On what his children have taught him:
"A lot. [Parenthood] reminds you to do what the Bible has always taught us. When the apostles were arguing among themselves over who was the greatest in Jesus’ eyes, he said, "None of you", and called over a little boy and said, "Until you humble yourself like this child." It reminds you to be kind and humble and to see things through the eyes of children with a childlike wonderment. I still have that. I’m still fascinated by the clouds and the sunset. I was making wishes on the rainbow yesterday. I saw the meteor shower. I made a wish every time I saw a shooting star."
On missing out on his childhood and using his pain to create art:
“It’s not anger, it’s pain [due to this]. People see me at the amusement park or with other kids having fun, and they don’t stop and think, “He never had that chance when he was little.” I never had the chance to do the fun things kids do: sleepovers, parties, trick-or-treat. There was no Christmas, no holiday celebrating. So now you try to compensate for some of that loss. […] That’s what makes greatness. You have to have that tragedy, that pain to pull from. That’s what makes a clown great. You can see he’s hurting behind the masquerade. He’s something else externally. Chaplin did that so beautifully, better than anyone. I can play off those moments, too. I’ve been through the fire many times.”
On his pastime activities:
“I like to do silly things; water-ballon fights, pie fights, egg fights. […] I don’t think I’ll ever grow out of that. […] I just love it.”
On being adulated and his purpose on earth:
“It’s always a good feeling. I never take it for granted. I’m never puffed up with pride or think I’m better than the next-door neighbor. To be loved is a wonderful thing. That is the main reason I do this. I feel compelled to do it, to give people some sense of escapism, a treat to the eye and the ear. I think it’s the reason I’m here.”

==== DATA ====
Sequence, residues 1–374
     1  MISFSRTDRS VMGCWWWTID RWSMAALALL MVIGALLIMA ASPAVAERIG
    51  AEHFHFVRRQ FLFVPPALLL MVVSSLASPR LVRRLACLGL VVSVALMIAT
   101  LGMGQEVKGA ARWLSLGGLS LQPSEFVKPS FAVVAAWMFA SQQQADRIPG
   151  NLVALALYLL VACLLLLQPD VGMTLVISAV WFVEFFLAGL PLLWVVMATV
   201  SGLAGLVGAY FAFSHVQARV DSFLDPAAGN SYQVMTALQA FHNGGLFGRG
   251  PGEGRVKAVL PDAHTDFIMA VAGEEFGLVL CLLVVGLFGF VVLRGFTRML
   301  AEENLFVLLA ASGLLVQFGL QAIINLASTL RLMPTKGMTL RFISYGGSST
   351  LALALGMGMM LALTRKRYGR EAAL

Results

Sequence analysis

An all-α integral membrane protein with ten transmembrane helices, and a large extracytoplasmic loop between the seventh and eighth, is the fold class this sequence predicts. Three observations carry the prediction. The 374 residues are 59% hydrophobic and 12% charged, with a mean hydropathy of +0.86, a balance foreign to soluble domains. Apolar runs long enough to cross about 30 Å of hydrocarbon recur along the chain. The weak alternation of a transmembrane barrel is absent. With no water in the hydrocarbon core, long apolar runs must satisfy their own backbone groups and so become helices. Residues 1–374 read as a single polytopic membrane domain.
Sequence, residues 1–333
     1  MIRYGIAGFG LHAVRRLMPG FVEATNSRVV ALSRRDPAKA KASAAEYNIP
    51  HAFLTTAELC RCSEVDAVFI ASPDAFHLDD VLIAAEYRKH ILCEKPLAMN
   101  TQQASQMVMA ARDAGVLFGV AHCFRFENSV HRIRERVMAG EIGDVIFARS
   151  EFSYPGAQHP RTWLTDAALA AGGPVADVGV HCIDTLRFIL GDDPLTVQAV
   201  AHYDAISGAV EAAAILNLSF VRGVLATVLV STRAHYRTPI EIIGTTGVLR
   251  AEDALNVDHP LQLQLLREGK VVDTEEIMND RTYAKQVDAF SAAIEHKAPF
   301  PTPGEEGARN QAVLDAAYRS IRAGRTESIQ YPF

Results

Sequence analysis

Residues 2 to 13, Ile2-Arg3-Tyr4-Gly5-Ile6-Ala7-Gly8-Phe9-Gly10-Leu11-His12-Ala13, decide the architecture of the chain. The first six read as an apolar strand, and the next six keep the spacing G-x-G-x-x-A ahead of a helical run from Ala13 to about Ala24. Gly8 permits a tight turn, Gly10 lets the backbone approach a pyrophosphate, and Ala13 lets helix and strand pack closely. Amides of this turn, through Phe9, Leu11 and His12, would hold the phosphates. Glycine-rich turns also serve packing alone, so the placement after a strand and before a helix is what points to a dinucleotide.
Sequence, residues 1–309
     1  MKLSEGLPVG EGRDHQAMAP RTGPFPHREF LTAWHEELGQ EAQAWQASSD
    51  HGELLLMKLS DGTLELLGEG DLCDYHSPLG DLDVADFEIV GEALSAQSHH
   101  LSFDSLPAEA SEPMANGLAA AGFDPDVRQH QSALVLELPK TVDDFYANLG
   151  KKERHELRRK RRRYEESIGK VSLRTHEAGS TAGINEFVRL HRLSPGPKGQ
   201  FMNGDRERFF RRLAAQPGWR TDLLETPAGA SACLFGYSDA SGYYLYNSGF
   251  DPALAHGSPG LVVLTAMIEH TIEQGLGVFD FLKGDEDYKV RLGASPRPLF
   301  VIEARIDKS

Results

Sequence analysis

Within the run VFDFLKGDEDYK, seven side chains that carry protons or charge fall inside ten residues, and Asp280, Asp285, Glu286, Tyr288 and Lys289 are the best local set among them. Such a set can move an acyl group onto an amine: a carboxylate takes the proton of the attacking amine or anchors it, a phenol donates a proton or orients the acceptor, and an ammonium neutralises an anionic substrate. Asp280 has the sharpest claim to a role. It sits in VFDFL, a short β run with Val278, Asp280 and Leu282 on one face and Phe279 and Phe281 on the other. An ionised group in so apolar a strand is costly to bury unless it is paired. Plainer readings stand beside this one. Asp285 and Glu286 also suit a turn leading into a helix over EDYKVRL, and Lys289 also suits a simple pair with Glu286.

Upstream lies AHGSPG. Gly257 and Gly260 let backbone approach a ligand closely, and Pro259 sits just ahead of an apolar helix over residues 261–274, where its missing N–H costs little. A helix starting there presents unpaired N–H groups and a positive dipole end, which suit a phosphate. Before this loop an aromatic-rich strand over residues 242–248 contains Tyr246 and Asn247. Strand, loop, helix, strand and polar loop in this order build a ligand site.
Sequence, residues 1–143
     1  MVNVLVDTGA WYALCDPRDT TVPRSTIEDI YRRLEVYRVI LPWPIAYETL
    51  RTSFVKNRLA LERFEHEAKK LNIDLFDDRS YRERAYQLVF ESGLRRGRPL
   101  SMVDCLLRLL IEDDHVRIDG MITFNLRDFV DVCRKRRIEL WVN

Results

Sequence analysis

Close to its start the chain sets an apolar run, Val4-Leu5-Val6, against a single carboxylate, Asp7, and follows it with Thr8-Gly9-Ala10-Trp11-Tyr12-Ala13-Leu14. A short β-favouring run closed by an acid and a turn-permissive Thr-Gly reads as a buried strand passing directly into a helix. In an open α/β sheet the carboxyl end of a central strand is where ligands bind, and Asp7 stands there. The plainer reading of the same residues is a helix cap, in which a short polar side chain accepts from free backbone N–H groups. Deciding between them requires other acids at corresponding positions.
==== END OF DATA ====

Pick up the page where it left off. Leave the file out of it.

On his personal wish:
"Peace and love for the children."
On the difficulty of coping with having a famous parent:
“If you look back in history, it’s the same with anybody who’s achieved wonderful things. I know the Disney family well, and Walt’s daughters used to tell me it was difficult when they were in school. Kids would say, “I hate Walt Disney. He’s not even funny. We don’t watch him” Charlie Chaplin’s kids, who I know well, had to take their children out of school. They were being teased. ‘Your grandfather is stupid. He’s not funny. We don’t like him.” He was a genius! So you have to deal with this jealousy. They think they’re hurting you. Nothing could hurt me. […]”
On his plans to build theme parks in Europe and Africa:
"We’re still working on a couple of projects. I can’t say right now where. I love theme parks. I love seeing children coming together, having a good time with their parents. It’s not like it used to be, when you put your kids on the merry-go-round, and sat on the bench eating peanuts. Now you enjoy it with them. It builds a unity to the family."